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Old 07-18-2007, 08:25 PM
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Originally Posted by Prof100 View Post
lip84,

I don't have an annotated bibliography of my conclusions since I feel like I am being cross-examined in a product liability case by the defendant, Spektrum radios. Seriously, I just recall in several reviews I have read the authors dwelled on the importance of proper antenna orientation. Even Horizon's (they market them) writeup devotes 5 paragraphs to signal fade and how the "dual link" featue counters any fade (a euphemism for losing contact) problems. See below:

http://www.horizonhobby.com/Articles...ID=1535&Page=2

My thoughts are the addition of the dual link feature is a counter measure for potential or probable signal losses.
And when I read those statements, I took them to mean the Dual Link feature is not to overcome a TX shortcoming, but the possibility of the rx antenna being shielded by an engine or motor in the aircraft.
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Old 07-18-2007, 08:46 PM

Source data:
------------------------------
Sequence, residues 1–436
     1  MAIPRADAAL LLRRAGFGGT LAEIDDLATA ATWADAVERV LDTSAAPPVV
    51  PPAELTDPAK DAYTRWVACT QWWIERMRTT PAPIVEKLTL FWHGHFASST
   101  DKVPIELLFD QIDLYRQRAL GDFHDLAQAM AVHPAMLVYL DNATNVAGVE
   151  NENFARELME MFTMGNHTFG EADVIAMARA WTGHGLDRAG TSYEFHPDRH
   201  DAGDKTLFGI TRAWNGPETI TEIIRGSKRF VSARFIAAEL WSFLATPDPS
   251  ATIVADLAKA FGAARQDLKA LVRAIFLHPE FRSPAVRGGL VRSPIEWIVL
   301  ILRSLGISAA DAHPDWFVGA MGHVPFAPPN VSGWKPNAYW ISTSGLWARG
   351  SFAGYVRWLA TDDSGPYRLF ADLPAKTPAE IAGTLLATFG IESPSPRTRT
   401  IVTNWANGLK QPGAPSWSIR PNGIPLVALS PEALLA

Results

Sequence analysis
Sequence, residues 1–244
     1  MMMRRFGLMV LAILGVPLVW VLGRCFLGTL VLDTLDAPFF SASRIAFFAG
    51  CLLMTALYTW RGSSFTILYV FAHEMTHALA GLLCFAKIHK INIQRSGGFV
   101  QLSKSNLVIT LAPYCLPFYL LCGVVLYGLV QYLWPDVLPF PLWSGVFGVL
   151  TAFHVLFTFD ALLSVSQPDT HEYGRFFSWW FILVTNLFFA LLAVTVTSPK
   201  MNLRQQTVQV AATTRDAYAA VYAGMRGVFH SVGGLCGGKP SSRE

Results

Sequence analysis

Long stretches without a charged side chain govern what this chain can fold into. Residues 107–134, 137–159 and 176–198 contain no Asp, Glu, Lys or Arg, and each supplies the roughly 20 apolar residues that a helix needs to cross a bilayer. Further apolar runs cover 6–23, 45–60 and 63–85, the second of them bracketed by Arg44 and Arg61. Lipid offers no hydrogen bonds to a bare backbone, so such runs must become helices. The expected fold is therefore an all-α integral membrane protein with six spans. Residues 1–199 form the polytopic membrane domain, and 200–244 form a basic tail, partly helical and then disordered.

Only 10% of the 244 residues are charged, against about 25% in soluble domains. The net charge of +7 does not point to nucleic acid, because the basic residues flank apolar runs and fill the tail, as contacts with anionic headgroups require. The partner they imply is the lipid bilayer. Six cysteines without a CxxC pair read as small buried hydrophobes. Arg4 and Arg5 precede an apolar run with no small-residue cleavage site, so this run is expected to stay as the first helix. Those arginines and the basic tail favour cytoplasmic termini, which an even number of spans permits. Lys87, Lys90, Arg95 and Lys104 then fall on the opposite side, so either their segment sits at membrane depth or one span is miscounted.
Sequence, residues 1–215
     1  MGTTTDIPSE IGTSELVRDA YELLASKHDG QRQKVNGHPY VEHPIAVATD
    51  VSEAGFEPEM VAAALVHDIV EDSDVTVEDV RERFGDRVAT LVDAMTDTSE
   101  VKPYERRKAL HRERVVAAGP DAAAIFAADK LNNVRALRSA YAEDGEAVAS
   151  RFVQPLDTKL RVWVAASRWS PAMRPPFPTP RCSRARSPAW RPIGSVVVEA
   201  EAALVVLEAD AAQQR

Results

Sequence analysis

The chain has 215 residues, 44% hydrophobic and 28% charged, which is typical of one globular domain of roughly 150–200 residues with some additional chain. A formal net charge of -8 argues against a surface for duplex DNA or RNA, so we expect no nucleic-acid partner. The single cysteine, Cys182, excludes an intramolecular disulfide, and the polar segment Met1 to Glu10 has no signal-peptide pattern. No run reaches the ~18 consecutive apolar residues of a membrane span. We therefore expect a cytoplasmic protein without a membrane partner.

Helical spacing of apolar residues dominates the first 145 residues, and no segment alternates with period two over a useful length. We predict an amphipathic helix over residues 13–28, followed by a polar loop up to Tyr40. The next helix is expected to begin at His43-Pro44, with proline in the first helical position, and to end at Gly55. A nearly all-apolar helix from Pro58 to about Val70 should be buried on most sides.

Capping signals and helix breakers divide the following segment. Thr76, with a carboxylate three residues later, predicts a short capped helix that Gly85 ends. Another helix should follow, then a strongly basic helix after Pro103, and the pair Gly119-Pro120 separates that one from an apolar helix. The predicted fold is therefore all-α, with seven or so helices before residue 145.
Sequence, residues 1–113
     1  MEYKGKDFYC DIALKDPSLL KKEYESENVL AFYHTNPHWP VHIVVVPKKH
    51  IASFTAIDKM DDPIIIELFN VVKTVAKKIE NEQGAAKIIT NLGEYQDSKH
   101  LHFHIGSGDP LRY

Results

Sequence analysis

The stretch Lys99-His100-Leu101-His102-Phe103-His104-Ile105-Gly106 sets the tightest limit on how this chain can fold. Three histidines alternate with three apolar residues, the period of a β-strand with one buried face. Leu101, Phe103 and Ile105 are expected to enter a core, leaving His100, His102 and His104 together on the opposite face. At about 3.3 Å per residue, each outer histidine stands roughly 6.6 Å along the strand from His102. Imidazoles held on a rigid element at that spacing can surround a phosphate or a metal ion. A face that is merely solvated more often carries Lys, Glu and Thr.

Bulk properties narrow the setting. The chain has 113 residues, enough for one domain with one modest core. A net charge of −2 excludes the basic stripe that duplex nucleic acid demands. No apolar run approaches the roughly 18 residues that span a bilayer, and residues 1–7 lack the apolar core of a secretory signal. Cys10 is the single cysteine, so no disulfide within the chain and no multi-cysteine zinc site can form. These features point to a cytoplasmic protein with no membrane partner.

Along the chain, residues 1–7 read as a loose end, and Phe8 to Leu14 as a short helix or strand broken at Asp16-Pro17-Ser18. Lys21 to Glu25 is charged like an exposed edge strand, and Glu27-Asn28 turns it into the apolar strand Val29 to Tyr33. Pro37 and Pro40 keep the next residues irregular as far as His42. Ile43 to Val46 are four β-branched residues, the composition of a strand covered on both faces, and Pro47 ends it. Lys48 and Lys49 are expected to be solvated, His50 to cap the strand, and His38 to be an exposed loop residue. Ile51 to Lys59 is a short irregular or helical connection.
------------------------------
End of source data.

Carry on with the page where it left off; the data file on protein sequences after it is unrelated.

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Originally Posted by Lip84 View Post
Prof,
I meant no disrespect and did not want to make you feel like you were being cross examined in a court case. You simply made me aware of information that I had not been aware of prior to your input and wanted to see it first hand. that is all. I am sorry if you felt that I was attacking you, that was not my intent at all.

Lip84

lip84,

I never felt disrespected nor did I feel I was being attacked. My response was simply a poor attempt at humor.

I would like to have a radio system that doesn't require crystal changes, is bullet proof in terms of interference, and does not fade or lose communication with a plane. The new Spektrum radio systems are extremely appealing because they appear to meet those needs.

However, my experience taught me (albeit scattered over 25 years of RC in both surface and air) was alarmed by the amount of information provided about the veracity of the new Spektrum systems in terms of fade or communication loss. I am always suspicious when I hear a sales pitch that stresses features to counter problems you might have with the product you are considering buying.
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Old 07-18-2007, 08:55 PM
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Originally Posted by gfdengine204 View Post
And when I read those statements, I took them to mean the Dual Link feature is not to overcome a TX shortcoming, but the possibility of the rx antenna being shielded by an engine or motor in the aircraft.